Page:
JUNE ISSUE From Atomic Atolls to Abundant Wastelands

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Think all the good waves in the world have been discovered? Think again

Reggae Ellis

“The first time I had an opportunity to go to the Mentawais was back in 1992. It was a trip with Tom Carroll, Ross Clarke-Jones, and some mutual friends on the Indies Trader , before it was a charter boat and when only a handful of people knew about the waves up there. The crew on that original trip were the only surfers in the Mentawais at the time, experiencing a sense of isolation and adventure that few will ever share again. For reasons I can no longer remember, I didn’t make it onto that trip, and I didn’t make it to the Mentawais until 1997. By that stage the surf-charter business was growing quickly; the days of scoring waves alone with only your fellow boat passengers were long gone, and most sessions were usually spent with one, maybe two, boats anchored off the best breaks. Of course, things have changed dramatically over the past decade; the once-secret islands have evolved or devolved—into the most photographed and filmed surf studio in the world. The result? Land camps, dozens of boats, and 40 surfers out at some of the breaks. For the Mentawais, the days of being Mysto Indo have vanished.”

While the world gets flatter for surfboard manufacturers in the post–Clark Foam era, a sleeping giant has finally been awakened

Chris Mauro

“‘The materials I’m being shown are nothing new, but their applications are far more diverse and technical than what’s been done before. There’s a whole new glossary of terms being coined to demonstrate their benefits. "Here, try to twist this blank from rail to rail," says Biolas, handing me a shaped foil. Its outer rails are made of hard blue sheet foam, the same kind Salomon was using with their S-cores. The sheet foam is separated from the EPS core in the middle by stringers that run a few inches off the rails. I grab the board about a foot up from the tail and gently start twisting. Biolas loses his patience with my delicacy and quickly takes over with some hard pulling and tugging of his own."You see how hard this is to twist? That’s because these parabolics restrict the contortional flex," he says. "These things snap back into place like a snowboard, and that’s what gives them that twang. You feel it with every turn. It’s insane."Parabolic rails and contortional flex were hardly in the shaper’s vocabulary just over a year ago. Neither were longitudinal flex or compression flex for that matter, but designers are getting better acquainted with them now thanks to new companies like Firewire and Aviso, who have infused the board-building community with a healthy dose of creative energy in the post–Clark Foam era. In a rapidly changing business climate for surfboard manufacturers each slice of the market pie is getting more expensive and competitive to hold. That’s because there’s more attention being given to surfboards today than at any other time in history.”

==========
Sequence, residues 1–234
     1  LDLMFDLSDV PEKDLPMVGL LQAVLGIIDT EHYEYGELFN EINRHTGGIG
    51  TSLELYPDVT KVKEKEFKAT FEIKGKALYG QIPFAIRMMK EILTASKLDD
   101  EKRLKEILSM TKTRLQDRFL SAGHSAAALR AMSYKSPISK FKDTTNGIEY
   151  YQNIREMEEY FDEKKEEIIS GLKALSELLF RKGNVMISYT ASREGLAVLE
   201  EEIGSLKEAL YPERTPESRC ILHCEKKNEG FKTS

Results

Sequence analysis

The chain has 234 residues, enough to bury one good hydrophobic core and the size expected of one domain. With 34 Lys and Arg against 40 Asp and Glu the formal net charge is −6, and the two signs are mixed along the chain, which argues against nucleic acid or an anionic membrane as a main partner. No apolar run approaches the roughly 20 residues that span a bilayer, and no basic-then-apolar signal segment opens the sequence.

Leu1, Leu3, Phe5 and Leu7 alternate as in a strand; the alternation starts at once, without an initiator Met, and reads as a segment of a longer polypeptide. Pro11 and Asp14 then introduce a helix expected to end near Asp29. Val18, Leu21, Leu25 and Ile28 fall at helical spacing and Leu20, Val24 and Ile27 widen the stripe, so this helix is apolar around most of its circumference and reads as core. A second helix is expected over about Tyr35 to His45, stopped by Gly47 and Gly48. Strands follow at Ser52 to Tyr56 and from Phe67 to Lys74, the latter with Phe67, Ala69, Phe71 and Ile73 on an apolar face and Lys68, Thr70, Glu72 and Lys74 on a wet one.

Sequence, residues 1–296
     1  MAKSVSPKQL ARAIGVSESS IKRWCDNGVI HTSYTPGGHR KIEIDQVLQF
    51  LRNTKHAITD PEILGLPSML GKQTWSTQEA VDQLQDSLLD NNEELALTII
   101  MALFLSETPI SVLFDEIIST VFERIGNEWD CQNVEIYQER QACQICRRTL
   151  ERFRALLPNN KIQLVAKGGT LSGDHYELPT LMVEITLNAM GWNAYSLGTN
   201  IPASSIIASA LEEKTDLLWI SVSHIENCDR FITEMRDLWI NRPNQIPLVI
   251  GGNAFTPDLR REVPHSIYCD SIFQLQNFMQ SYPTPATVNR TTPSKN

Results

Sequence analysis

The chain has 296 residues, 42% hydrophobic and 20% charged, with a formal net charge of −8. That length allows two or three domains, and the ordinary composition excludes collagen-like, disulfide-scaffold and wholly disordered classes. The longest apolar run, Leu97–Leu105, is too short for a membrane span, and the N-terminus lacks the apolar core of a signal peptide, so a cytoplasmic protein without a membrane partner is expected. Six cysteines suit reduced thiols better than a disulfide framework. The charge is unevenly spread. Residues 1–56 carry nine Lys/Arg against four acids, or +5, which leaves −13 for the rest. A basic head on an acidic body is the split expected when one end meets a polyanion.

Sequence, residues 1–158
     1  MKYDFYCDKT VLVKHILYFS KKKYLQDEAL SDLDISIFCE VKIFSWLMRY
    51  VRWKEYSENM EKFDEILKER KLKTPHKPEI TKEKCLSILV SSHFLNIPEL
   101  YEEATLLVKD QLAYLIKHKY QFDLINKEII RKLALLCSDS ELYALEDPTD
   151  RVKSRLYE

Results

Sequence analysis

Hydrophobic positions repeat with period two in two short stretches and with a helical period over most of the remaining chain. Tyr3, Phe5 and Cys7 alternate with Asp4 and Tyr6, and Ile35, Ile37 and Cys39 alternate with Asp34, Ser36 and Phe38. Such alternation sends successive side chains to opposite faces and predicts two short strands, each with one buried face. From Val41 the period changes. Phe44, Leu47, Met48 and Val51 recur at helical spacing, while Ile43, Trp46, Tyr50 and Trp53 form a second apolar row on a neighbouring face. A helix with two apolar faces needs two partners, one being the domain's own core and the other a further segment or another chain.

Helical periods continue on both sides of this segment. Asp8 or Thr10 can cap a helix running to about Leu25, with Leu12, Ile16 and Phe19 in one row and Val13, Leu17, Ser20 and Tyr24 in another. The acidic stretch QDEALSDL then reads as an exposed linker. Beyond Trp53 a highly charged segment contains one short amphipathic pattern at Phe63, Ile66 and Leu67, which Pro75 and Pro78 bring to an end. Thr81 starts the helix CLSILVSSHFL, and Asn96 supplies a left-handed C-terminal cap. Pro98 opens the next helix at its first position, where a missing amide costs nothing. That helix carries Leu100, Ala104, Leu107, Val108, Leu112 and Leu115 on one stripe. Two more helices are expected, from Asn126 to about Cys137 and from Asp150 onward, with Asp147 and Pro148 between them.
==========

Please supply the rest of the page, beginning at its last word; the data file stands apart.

Abundant Wastelands
Scouring two continents—and 14,000 miles—to uncover immeasurable possibilities in three barren corners of the Atlantic

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The term "prepackaged surf trip" has become a cliché, handily served up to describe any excursion that’s not considered "acceptably hardcore." And, to be fair, its use does make a point: Too many modern surfers are spoon-fed the world on immaculately planned and generic outings, all of which pack about as much culture, and adventure, as a trip to McDonald’s. But it’s also clear—in this age of endless options—that, despite decades of surf exploration, the world is still a wild place. And the deeper you go, the farther you stray from the well-worn track—and the more you immerse yourself in alien cultures, the more gratifying the experience.”

A Very Good Year
Tyler Hallin and Luke Davis were just your average groms. Then they were whisked away on a dream trip

Brad Melekian

"As 16- and 14-year-old surfer kids from Orange County, Tyler Hallin and Luke Davis look the part. Here’s Tyler, with his sandy blonde afro (sandy blonde in that you get the sense it might have sand in it, so surf-stoked is the young man), and there’s Luke, small—bordering on tiny—tan, with shaggy, sun-streaked locks and a coolness about him that belies the fact that he’s new to the ranks of the teenaged. They both have the right clothes—logo tees and flip-flops—and they both pick up errantly strewn surf magazines and flip through them, not bothering to read a single word.

But the boys—or young men, as the case may be—are not flip. Far from it. It’s just that they both carry a certain worldliness about them, whereby they’re not overly impressed with too much, and they don’t seem to be too surprised by anything. That worldliness, it turns out, is not at all an affectation, but rather the byproduct of a surprising turn their lives took last year when a total stranger approached them and their parents and suggested that he’d like to take them on an around-the-world surf adventure. The stranger—former pro surfer and current filmmaker Bryan Jennings ( The Outsiders , Changes )—predictably got no hesitation from Luke and Tyler, and, perhaps surprisingly, very little resistance from their parents. Neither of the boys had traveled, with the exception of a couple North Shore trips apiece, and Jennings wanted to make a movie about two groms trotting the globe for the first time.